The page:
On the day of Quebec's last provincial election, I confessed to my readers in La Presse that I would not vote. I wrote that the five-week election campaign had been just a marketing effort masquerading as a battle of ideas and that none of the candidates running in my riding appealed to me anyway.
Boy, did I get a beating. Most of my readers were appalled, lecturing me on the importance of voting, pounding out the old slogan: Every vote counts.
Now, nine months into the Liberal Party of Quebec's majority mandate, all I can say is: Sorry, folks, but I was right. Premier Philippe Couillard did what politicians do nowadays in most election campaigns: Say as little as you can about what you intend to do when in power, stay as generic as possible in your platform, repeat the words "economy" and "jobs" as often as possible and smile while you're holding those babies at photo ops.
Nine months into Mr. Couillard's tenure, I look at the orgy of cuts imposed on government programs and, try as I might, I can't recall when the Liberals mentioned that they would cut $170-million from the province's universities (after decrying the short-lived PQ government's own $120-million cut), trim untold millions from the wildly popular parental leave program (though the Quebec Liberals have backed away from this proposal) and impose hefty fee increases to parents sending their kids to the publicly funded daycare system – some parents will see an increase of $11 a day – while they lambasted the PQ's $2-a-day hike.
The winds of austerity are blowing in Quebec – Mr. Couillard prefers the term "budgetary rigour" – in a way that was never mentioned during the election campaign last March and April, when it was time to talk about these matters.
The contrast between what Mr. Couillard's Liberals promised during the last election campaign and what they are doing now that they are in power has prompted my colleague Vincent Marissal, a political columnist with La Presse, to brand this contrast "un détournement de mandat," a mandate hijacking. The term seems fitting.
Before the Liberals' electoral defeat of 2012, when the PQ won a short-lived minority mandate, the party had been in power for nine years. They can hardly pretend that they had no clue about the province's finances, which were known to be in a dire state. The reality is crystal clear to me: The Liberals' inner circle knew what they wanted to cut, but chose not to say so during the election. Hard-core party loyalists will say that I am unfairly bashing the Liberal Party, so let me add that the PQ did roughly the same thing, giving Quebeckers the Disney version of what it intended to cut if it won a majority. Such is politics nowadays everywhere, with some exceptions (Mike Harris's 1995 Common Sense Revolution platform comes to mind: What Ontarians saw was what they got from Mr. Harris's campaign rhetoric.)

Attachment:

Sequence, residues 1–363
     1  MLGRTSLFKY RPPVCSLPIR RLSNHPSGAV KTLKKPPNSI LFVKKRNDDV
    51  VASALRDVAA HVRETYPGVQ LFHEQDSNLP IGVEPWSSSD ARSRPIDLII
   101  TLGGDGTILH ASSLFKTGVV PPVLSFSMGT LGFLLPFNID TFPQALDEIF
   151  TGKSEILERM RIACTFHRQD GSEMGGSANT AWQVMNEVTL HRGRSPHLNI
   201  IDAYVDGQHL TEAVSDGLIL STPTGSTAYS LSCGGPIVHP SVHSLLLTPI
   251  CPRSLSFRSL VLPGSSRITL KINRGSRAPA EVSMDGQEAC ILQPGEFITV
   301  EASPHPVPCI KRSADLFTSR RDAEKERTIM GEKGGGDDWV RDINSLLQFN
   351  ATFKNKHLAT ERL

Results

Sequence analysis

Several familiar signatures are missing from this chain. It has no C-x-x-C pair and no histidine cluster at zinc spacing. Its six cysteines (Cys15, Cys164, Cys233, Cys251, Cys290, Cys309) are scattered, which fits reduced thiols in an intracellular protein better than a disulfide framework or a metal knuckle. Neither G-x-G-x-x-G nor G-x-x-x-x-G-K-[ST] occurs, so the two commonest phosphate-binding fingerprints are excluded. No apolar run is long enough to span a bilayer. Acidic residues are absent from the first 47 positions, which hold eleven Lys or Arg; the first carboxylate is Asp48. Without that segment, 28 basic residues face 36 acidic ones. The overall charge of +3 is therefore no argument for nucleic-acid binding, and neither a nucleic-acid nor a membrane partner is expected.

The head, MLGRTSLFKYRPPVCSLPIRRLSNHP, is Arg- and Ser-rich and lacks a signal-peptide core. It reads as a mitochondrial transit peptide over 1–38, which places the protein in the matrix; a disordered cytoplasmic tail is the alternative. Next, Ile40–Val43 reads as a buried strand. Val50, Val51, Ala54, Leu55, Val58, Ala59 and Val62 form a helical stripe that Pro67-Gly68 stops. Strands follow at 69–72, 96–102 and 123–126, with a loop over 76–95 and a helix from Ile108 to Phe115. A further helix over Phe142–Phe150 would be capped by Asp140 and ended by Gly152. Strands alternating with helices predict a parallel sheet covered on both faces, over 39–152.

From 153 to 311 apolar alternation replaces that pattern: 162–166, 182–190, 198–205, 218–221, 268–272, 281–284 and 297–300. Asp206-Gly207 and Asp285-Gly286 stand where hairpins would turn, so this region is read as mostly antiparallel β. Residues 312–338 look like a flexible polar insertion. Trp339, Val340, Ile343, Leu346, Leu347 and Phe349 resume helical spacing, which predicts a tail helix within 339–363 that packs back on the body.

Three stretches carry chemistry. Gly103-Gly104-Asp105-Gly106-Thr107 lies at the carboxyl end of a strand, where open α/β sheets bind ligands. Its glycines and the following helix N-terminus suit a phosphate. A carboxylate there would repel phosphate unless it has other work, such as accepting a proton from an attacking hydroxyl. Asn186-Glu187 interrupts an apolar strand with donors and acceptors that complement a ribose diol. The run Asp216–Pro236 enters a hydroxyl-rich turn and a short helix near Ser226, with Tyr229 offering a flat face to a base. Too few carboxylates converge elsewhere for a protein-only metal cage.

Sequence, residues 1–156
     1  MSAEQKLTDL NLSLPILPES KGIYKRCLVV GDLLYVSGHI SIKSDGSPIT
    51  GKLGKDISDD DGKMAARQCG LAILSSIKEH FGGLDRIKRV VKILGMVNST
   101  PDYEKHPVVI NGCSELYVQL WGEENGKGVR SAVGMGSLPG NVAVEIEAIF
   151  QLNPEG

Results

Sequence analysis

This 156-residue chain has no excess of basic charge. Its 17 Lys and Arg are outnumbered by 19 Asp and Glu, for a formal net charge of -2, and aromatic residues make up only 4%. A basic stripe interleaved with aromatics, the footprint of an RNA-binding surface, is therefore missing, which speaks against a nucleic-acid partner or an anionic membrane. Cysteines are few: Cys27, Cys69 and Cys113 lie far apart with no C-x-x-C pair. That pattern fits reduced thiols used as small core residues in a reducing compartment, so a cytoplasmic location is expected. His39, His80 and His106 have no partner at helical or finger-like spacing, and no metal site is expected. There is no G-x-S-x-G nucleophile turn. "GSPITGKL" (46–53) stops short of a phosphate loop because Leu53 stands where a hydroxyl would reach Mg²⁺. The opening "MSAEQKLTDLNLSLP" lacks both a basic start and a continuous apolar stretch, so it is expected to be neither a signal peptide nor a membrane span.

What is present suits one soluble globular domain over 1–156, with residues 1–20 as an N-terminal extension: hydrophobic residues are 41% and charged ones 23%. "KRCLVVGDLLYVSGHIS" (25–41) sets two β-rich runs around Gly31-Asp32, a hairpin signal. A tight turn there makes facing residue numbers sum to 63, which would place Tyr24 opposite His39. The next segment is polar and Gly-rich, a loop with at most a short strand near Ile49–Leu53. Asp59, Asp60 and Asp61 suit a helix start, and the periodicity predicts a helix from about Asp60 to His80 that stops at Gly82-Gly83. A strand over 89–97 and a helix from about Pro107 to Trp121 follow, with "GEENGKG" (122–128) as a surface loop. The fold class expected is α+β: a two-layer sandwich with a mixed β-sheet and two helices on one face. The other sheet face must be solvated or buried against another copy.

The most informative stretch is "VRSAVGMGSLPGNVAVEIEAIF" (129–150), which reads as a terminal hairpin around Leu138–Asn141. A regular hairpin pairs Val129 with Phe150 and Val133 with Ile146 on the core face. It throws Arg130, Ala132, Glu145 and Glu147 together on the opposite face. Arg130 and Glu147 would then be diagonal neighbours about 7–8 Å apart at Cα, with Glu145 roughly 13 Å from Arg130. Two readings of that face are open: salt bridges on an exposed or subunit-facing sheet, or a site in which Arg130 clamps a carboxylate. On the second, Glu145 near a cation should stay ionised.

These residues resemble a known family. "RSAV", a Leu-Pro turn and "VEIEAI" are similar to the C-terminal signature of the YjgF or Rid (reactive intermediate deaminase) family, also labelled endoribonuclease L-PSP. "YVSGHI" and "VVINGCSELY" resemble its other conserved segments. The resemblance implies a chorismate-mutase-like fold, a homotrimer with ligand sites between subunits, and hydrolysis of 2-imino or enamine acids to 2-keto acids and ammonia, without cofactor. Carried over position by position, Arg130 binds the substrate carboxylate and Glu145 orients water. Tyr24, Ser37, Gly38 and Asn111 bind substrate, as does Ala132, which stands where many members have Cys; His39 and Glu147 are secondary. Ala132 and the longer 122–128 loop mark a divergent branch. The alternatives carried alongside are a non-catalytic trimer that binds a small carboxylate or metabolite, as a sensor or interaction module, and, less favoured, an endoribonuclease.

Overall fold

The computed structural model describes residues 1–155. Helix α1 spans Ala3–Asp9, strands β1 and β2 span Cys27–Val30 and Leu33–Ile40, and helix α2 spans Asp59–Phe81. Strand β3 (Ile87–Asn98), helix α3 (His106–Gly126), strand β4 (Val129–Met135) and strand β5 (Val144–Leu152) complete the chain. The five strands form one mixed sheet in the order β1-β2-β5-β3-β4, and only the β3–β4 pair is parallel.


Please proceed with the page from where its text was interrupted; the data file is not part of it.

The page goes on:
In Quebec, there is an added twist. Every provincial campaign is, in the end, about one choice: referendum or no referendum. The Liberals can win elections simply by repeating one thing: If you vote for us, there will be no referendum. And last winter, when business tycoon Pierre Karl Péladeau entered politics under the PQ brand, energizing militants by stating clearly his desire for independence, the Liberals had a field day for the rest of the campaign, basically saying: Vote for us, or you'll have a referendum.
A student of politics might say that since 1998, the Liberals have grown increasingly lazy, policy-wise, always resorting to the referendum bogeyman to scare voters into voting for them. I am not a student of politics, I am just a lucid citizen and what I see is that election rhetoric is purely marketing, and as with marketing campaigns, the truth often lies in what is not said, in what is hidden.
Below the surface, Quebec is bracing for a brutal spring. Public-sector employees, who are bearing the brunt of these austerity measures, and who are entering negotiations for a new collective agreement, will be "mobilized," their unions keep on promising. Maybe taking to the streets is the only alternative when election campaigns mean next to nothing.